Dr Sadqa Gul
Q: Can angina be diagnosed by symptoms alone? Hira
A: The diagnosis of angina is based on the patient's description of the symptoms. Angina is usually defined as a tightening chest pain that is brought on by effort and relieved by rest. The usual cause of angina is atherosclerosis or hardening of the coronary arteries. Investigations are performed to establish the extent of the coronary artery disease and also to decide on which form of therapy is most appropriate in a particular patient. Sometimes angina can present in an atypical manner in which case investigations may be necessary to make a diagnosis. However, in the majority of cases a cardiologist would be confident in making a diagnosis of angina on the basis of the history alone.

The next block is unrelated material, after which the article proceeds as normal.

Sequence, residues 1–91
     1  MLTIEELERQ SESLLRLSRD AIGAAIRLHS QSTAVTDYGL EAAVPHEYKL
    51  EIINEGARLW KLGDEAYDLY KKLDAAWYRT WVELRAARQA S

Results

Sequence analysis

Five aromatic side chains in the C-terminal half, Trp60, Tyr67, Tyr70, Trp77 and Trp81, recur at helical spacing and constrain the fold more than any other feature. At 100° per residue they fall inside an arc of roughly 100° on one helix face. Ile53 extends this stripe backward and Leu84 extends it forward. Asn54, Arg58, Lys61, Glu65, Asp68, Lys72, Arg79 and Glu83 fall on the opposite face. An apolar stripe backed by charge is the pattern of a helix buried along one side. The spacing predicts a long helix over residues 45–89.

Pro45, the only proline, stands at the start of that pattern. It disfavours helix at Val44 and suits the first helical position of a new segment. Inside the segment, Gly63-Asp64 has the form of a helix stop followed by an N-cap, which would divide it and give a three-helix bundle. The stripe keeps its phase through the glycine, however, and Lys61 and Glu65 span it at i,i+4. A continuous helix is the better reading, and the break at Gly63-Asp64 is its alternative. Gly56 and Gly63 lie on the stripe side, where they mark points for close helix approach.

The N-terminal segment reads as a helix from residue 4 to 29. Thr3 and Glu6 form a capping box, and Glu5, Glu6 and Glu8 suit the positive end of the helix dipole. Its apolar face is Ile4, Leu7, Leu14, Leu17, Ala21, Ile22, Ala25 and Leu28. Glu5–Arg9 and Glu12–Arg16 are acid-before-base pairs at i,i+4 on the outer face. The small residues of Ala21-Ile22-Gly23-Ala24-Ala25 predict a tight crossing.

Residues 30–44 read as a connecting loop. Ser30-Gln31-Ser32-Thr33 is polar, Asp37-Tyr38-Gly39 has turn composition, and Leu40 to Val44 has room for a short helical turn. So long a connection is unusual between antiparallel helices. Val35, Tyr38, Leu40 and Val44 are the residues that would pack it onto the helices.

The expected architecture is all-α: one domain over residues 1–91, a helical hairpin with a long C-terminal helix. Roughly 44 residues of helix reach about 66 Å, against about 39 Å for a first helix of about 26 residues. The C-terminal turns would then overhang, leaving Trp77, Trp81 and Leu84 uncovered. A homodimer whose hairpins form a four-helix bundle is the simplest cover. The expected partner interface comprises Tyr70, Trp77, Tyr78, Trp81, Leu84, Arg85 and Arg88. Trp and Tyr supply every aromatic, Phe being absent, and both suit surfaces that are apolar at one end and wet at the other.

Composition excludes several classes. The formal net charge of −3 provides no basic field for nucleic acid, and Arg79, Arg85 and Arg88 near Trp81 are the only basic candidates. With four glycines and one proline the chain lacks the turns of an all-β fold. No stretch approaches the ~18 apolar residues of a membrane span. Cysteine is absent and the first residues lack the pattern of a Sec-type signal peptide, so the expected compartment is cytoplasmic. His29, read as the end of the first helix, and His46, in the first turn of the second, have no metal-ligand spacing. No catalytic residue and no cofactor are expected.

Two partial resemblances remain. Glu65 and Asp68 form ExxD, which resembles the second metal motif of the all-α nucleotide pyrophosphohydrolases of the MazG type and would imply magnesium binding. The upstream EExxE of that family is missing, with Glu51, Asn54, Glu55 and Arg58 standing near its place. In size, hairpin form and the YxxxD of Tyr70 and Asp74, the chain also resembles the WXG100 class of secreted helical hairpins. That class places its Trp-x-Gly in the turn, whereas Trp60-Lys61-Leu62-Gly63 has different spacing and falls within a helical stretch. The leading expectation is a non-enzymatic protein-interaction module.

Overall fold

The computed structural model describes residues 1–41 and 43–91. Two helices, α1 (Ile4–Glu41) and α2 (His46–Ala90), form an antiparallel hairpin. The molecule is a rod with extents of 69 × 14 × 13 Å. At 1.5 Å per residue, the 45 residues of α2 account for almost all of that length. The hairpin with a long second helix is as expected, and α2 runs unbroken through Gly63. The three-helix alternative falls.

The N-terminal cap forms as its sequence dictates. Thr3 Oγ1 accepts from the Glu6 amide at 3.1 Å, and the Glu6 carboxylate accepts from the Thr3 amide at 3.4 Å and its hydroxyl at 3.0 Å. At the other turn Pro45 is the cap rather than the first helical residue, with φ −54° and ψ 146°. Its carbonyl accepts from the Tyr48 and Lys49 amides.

Q: Is it normal for the first period after having a baby to be very heavy? Yusra, Karachi
A: It is very common for the first period after giving birth to be quite heavy. In fact the first few periods can be heavy but the problem usually subsides after a few months. This may contribute to anaemia especially if the mother's iron stores are low at the end of the pregnancy or if she has experienced extra blood loss during the delivery. If anaemia develops this can contribute to even further blood loss during menstruation. If the problem persists beyond the first couple of cycles it would be worth seeing your GP and having a blood test performed.